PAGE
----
Multiplying Leaders Means Training Them in Your Local Church

I’m convinced from Scripture and almost 27 years of pastoral ministry that the local church is the primary training and equipping ground for those aspiring to ministry and for Christians in general.

Now, I found myself in a bit of trouble when I suggested this in the first chapter of my DMin project a few years ago, the seminary professor who served as my advisor took umbrage with this notion. The question asked me was, “So you’re saying seminaries have no role?” As I softened my position in the project, I now ten years removed from when I first wrote that am now even more convinced that the local church takes this primary role of training and equipping.

About a year ago, I established at our church a Shepherding Team. This team had a twofold purpose: (1) to provide a group of men to give me feedback on areas of ministry–men who are into the Word, already teach, and demonstrate a pastoral bent; and (2) men who have some sense of calling to ministry that I could help foster. We meet for two hours once a month (usually the last Tuesday of the month) with this typical agenda:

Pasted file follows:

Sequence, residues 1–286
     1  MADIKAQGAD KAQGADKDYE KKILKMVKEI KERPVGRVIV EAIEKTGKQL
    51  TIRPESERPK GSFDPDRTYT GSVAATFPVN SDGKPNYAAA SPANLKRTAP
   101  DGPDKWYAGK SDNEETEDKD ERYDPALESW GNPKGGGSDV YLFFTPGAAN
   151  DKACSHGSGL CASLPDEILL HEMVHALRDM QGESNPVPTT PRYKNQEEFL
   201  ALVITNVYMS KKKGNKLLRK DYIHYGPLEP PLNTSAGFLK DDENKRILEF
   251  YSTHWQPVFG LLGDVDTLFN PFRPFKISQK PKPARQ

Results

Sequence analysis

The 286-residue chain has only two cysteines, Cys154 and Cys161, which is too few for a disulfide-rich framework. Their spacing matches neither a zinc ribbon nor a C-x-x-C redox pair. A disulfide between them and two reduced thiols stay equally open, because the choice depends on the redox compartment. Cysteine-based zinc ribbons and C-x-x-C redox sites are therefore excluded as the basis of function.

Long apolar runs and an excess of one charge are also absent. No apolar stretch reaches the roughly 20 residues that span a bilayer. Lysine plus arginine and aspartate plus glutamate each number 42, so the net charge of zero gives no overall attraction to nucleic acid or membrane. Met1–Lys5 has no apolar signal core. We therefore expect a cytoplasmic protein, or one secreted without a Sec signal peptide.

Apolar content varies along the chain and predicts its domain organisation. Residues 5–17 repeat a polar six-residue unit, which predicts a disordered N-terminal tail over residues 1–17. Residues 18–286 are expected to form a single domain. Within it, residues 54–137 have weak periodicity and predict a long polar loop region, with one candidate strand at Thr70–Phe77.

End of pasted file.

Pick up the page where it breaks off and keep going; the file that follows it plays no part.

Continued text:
6:30 pm: Prayer for each other and the flock

6:45 pm: Examining a passage of Scripture dealing with ministry and character

7:30 pm: Evaluating sermons preached/to be preached by members of the Shepherding Team. We not only evaluated the intro, body, and conclusion, but the Christ-centered nature of the sermon, the illustrations, and faithfulness to the text.

8:30 pm: Adjourn

What are some other ways this helps?

  1. Practically, you can have someone inside your church that knows the people and the culture (and whom the people know and do live with). Trust and support already exist.
  2. This helps when, in our case, you do not have an associate pastor to always lean on when you’re out. This provided an opportunity to get these faithful men behind the pulpit.
  3. This encourages your church in seeing one of their own step out in ministry–and may cause them to evaluate their own callings as well. It’s one thing for a ‘trained professional’ to do this, but God is calling those from our churches to do this as well.

This could be construed as a ‘humble brag,’ which is something many of us have perfected to an artform. But God brought them here, God called them, God gives the words, God opens and changes hearts. And God calls us as leaders to shepherd and steward not just money and things but people to help them pursue His call to wherever that may be.

To God be the glory!

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